Twitter Forces PR Pros to Get to the Point (Journalists Love It)

pointIs it just me, or are journalists and PR people playing nice in Twitter? For some reason, the media have embraced Twitter as their platform of choice. It’s hard to find an organization (or journalist) that has avoided Twitter’s inertia. Of course, where there are journalists, there are PR people. The most popular PR people on Twitter have tens of thousands of followers on Twitter (and they all follow the media too).

Despite there being many different directories and lists of media on Twitter, there has been little backlash from the media community. And to the best of my knowledge, the “PR spam” issue has yet to rear its ugly head in Twitterland. If that weren’t evidence enough, there’s the wildly popular #journchat (and several copychats) that regularly pull participants from both sides of the aisle (journos and flacks). That’s worth repeating… you have a bunch of journalists openly tweeting with PR folks about how to work more effectively together. The ratio of PR to journos does seem to be more skewed in favor of PR lately though, so it may not last much longer. That’s probably the case with most “tweet chats” in general, but that’s a future post.

So why is Twitter such a great place for journalists and PR people to exchange ideas, get to know one another, and go back to building relationships? PR pros only get 140 characters to get their point across. Which is why a lot of people like Twitter. It forces all of us to get to the point for a change. Let’s face it, some people use too many words. I’m one of them. I could have done without this entire sentence in this paragraph.

Twitter forces you to choose your words wisely, something websites and blogs don’t do. With a blog, there are not limits, use all the words you want – heck, it’s better for SEO anyway, right?

Greg Galant, CEO of Sawhorse Media (the folks behind Muck Rack and the Shorty Awards), recently wrote an article in PRWeek that talked about this topic and “How Twitter Saved Public Relations From PR.”  In the article, Galant gives a great example of some jargon-laden content from a major organization. Something he says can no longer fly in a medium like Twitter. “Few people respond well to the carefully-crafted and jargon-packed messages they receive from corporations, especially during a time like this when once seemingly stable brands can collapse overnight,” says Galant. His advice for Twitter? Act like a real person. I also liked Galant’s description of Twitter as a “one-line wire service” in the article.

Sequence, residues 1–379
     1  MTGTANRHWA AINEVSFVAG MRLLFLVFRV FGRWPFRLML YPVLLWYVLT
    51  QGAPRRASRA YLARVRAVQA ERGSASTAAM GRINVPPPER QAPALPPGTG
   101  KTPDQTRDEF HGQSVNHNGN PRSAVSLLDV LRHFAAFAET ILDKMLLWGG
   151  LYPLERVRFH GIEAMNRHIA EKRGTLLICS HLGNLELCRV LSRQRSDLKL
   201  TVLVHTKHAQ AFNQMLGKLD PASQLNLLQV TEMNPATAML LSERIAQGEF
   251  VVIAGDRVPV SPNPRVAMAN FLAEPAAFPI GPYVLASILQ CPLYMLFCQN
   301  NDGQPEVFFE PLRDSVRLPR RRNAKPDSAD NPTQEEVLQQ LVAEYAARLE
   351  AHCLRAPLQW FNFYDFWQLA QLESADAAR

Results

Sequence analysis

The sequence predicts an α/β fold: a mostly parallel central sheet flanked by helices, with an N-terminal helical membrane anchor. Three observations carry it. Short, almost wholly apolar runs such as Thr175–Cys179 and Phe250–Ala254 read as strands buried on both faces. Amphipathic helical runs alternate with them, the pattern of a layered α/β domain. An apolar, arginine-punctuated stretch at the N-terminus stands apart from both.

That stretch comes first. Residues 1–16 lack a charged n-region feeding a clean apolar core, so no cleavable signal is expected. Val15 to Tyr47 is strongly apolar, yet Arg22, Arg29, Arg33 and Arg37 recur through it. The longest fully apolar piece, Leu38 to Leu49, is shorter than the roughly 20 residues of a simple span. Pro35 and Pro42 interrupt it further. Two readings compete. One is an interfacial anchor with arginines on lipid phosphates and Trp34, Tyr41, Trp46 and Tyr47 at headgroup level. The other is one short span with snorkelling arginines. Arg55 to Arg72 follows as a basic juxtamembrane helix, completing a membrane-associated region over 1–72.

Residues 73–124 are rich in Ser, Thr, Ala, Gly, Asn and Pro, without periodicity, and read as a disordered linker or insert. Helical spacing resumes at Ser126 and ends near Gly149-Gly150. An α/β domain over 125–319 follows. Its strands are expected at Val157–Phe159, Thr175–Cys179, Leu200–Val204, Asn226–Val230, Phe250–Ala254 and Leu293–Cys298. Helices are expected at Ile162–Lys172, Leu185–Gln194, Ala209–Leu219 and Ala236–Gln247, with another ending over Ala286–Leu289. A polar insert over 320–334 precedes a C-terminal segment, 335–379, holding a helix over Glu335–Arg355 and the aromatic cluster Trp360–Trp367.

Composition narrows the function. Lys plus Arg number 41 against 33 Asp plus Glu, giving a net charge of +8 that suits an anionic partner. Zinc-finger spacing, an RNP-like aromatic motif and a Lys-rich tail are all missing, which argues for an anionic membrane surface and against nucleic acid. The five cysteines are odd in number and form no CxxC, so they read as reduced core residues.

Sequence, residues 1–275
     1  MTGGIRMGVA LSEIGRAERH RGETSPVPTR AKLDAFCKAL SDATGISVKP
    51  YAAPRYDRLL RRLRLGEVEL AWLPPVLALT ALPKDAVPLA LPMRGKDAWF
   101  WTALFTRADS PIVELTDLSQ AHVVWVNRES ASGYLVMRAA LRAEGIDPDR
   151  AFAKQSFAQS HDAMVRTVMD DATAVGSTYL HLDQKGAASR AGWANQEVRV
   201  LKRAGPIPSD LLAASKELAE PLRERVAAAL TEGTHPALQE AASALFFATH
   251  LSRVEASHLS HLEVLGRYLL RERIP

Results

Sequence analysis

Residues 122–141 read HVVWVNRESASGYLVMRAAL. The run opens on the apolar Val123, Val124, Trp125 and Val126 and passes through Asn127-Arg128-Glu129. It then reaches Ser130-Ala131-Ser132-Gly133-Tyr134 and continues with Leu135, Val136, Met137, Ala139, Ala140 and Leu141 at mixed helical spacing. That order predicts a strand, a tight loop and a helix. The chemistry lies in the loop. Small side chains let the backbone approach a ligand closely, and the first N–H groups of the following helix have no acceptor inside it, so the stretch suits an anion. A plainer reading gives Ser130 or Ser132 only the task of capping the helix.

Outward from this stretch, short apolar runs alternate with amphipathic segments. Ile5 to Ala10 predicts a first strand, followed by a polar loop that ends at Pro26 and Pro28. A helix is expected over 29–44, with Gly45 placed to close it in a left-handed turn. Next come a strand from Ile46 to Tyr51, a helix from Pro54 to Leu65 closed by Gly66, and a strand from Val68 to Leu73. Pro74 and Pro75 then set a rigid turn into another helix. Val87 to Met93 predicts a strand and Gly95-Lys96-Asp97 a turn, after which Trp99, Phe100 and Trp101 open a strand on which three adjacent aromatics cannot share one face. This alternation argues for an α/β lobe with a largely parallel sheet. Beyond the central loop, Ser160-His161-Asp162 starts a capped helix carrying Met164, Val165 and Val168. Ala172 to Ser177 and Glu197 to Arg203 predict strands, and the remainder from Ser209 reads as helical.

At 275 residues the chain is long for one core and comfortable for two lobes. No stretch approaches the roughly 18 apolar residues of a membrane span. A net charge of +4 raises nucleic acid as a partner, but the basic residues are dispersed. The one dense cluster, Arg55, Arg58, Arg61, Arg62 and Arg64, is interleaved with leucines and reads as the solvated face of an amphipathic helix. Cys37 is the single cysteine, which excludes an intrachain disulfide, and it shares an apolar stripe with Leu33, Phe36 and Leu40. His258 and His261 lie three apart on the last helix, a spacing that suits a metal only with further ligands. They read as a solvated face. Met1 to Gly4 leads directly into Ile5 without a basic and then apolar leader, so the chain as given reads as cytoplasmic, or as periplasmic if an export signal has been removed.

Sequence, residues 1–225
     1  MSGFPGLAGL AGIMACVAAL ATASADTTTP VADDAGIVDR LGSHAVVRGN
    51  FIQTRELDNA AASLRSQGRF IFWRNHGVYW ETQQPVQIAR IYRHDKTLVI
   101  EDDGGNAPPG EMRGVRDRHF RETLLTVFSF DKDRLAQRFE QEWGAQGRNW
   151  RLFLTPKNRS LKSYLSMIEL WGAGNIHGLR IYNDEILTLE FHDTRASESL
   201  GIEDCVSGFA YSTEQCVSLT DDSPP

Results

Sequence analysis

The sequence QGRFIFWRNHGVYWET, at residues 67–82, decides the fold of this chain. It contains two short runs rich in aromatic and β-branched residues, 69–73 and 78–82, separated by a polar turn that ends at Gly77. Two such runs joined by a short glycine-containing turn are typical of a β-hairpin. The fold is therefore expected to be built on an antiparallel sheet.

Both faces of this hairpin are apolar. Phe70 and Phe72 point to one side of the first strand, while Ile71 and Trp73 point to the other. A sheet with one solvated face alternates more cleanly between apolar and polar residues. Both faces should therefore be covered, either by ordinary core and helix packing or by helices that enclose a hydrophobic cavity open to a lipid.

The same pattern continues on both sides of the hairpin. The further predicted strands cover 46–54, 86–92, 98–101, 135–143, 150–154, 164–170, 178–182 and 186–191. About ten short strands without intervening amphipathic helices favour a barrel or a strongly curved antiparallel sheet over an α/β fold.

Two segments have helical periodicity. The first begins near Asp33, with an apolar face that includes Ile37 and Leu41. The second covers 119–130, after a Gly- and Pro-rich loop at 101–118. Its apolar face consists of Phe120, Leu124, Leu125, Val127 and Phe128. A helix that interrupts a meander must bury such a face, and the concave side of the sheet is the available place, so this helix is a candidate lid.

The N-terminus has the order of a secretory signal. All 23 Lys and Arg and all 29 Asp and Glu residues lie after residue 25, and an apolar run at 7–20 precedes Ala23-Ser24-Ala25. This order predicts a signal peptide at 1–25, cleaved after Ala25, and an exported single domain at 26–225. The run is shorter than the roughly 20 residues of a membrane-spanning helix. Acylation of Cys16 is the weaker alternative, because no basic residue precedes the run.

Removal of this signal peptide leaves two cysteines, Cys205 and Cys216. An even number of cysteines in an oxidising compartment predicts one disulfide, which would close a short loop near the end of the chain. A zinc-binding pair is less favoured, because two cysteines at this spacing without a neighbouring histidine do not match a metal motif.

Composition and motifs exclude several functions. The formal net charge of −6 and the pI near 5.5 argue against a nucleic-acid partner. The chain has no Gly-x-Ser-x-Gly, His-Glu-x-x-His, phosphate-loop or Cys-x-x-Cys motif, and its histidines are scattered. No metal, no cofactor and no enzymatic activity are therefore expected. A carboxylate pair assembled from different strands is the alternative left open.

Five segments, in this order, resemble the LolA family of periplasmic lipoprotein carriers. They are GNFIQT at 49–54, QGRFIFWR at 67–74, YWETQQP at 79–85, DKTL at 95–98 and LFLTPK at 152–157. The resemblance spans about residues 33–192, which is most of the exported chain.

It is really is fascinating to me that Twitter has got us to play by the 140 character rule. Imagine what would happen if we could limit all areas of communication? You only get three minutes to talk in a meeting. You get 5 seconds to leave me a voicemail, and two should be spent repeating your phone number. Or you only get two sentences to respond to an email.

When most PR people have a hard time keeping it to 400 words – the base limit for most press release services – it’s impressive that PR is comfortable with the Twitter limits (then again, you can make up the difference by tweeting too much – you know who you are).

In a way, Twitter can make you appreciate why journalists like brevity so much. Traditional journalists were reared in a column-inch, word limit world. They’ve always had to get their point across up front,  in as few words as possible. It’s about time PR has to play by the same rules.

(Photo: Adrian Boliston)

About Jeremy Porter 215 Articles
Jeremy Porter has been passionate about the intersection of public relations and journalism since studying both Public Relations and Journalism at Utica College of Syracuse University in the late 90s. Porter launched Journalistics in 2009 to share his ideas and insights around both professions and how trends and developments in modern day marketing, communications, and technology impact those working in these fields. Porter also values the traditions and history of both professions and regularly shares his perspective in these areas - and related topics geared toward the next generation of journalism and public relations professionals.

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